How Jeanine Brito’s pretty-creepy paintings made her an art-world darling

Brito ran an online fashion magazine before posting her fairy tale–inspired painted creations on Instagram. They were an instant hit.
Isabel Slone
Saty+Pratha_Jeanine Brito_IMG_9533 copy
(Photography by Saty + Pratha, hair and makeup by Ashley Readings/Cadre Artist Management)

As a child, Jeanine Brito spent summers with her grandparents in Mainz, Germany, surrounded by castles better suited to Bram Stoker’s Dracula than any fairy tale. Back at school in Calgary, where she grew up, Brito channelled all that gothic inspiration into art. “The bulk of my drawings were of princesses wearing insane dresses,” she says.

Brito says she hung out with “a lot of freaks” at Calgary’s arts-focused Central Memorial High School, painting surreal portraits of her friends during lunch hour. Still, she didn’t aspire to art-world stardom; she was focused on fashion. “My idea of that world was entirely based on The Devil Wears Prada—deciding between near-identical turquoise belts, flying to Paris,” she says. “It seemed so glamorous in contrast to art, which involves a lot of struggle.” Brito studied fashion communication at Toronto Metropolitan University, and later ran the online fashion magazine Sophomore. She applied her graphic-design expertise to various jobs, but quickly grew disillusioned by corporate constraints. “I was desperate for an outlet—something I could build for myself,” she says.

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Mid-pandemic, Brito resumed painting and posted some of her better attempts on her Instagram account—beautiful yet terrifying pieces depicting raw meat and knives juxtaposed against frilly ribbons and pearls. She quit her job early in 2022 to paint full-time, planning to take freelance design gigs to pay the bills. Her career took off almost instantly.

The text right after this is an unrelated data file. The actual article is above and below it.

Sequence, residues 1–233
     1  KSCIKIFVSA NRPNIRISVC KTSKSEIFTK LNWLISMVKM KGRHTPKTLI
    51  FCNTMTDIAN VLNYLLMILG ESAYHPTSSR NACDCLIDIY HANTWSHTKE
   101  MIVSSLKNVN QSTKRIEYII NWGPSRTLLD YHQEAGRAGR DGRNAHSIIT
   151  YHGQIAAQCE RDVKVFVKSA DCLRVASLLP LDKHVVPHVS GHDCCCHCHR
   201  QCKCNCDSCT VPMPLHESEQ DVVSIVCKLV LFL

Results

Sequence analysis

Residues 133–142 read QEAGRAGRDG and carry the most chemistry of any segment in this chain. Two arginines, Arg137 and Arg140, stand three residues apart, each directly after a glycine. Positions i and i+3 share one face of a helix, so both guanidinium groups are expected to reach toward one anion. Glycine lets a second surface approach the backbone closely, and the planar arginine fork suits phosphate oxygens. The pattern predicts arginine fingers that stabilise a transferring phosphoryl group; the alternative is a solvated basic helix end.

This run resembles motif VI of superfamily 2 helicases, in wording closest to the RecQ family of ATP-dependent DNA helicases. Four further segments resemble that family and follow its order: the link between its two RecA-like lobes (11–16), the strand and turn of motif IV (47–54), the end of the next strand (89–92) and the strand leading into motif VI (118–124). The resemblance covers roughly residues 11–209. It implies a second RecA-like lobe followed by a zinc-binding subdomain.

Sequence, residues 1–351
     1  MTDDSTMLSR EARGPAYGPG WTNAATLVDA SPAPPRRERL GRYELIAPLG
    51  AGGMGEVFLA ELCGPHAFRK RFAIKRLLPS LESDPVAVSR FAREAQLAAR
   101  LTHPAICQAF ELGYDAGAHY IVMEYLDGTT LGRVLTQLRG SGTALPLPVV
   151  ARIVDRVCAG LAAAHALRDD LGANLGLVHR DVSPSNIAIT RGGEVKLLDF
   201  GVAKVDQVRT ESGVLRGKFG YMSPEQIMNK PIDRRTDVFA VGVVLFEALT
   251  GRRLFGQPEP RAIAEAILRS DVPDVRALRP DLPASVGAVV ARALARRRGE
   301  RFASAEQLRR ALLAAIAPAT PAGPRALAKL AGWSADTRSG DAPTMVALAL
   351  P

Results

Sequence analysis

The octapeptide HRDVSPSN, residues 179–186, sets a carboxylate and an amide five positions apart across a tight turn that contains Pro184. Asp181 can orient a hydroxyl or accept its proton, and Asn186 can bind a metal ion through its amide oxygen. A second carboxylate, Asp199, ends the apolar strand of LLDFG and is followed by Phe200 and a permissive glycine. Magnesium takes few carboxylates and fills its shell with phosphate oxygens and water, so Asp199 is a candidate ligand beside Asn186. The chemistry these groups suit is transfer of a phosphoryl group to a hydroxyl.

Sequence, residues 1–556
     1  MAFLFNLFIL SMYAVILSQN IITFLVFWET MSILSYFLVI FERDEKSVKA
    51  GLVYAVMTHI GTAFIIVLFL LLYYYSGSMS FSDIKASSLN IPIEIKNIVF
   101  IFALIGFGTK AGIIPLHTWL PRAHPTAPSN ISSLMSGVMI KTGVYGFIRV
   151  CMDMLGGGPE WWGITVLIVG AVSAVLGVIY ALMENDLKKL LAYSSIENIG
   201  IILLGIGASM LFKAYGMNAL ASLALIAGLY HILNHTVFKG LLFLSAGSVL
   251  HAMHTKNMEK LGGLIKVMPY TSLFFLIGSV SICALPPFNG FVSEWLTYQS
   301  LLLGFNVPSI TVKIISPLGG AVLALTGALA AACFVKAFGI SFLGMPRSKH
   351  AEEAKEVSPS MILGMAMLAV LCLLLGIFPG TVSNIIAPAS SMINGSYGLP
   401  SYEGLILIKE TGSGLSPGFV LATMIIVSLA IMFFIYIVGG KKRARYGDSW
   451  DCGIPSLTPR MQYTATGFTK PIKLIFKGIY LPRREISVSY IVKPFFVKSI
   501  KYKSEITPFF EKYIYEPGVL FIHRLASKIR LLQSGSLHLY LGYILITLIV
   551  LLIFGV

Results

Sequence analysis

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A post shared by Jeanine Brito (@jeaninebrito)

Within a month, Brito received an email from La Causa Galería in Madrid asking her to present a solo show. More invites followed, including an offer from Nicodim Gallery in Los Angeles, her current agency, to participate in a group show last September. This past spring, French fashion house Nina Ricci commissioned several of Brito’s works to be printed on postcards. One image—a docile lamb cuddled up to a gleaming candy-pink apple—wowed creative director Harris Reed so much that he sent it down the runway printed on two dresses during the brand’s fall-winter 2023 show.


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A post shared by Jeanine Brito (@jeaninebrito)

Brito’s career has taken on its own fairy-tale quality, minus the gruesome elements. She says her freakish teen self would be thrilled at the opportunities before her: an American debut at New York’s Armory art fair this fall, plus a solo show of brand-new work in the Big Apple slated for next May. She’s also hoping for an exhibition here in Canada, working away on her craft in her downtown Toronto studio. “I’m always pushing myself to try things that scare me,” she says.

—Isabel B. Slone




Colour palette: “I mix everything from five shades: medium yellow, cadmium red, ultramarine blue, phthalocyanine blue and raw umber.”
Studio snack: Pistachio gelato from Toronto restaurant Sud Forno
Moving picture: “ ‘The Birthday,’ an oil painting by Russian artist Marc Chagall, makes me cry.”
Power suit: A 1980s vintage black-and-white taffeta party dress from Mama Loves You Vintage in Toronto
Idea generator: “When I don’t know what to paint, I write the names of random objects on a set of cards. I pull three and make a sketch featuring those elements.”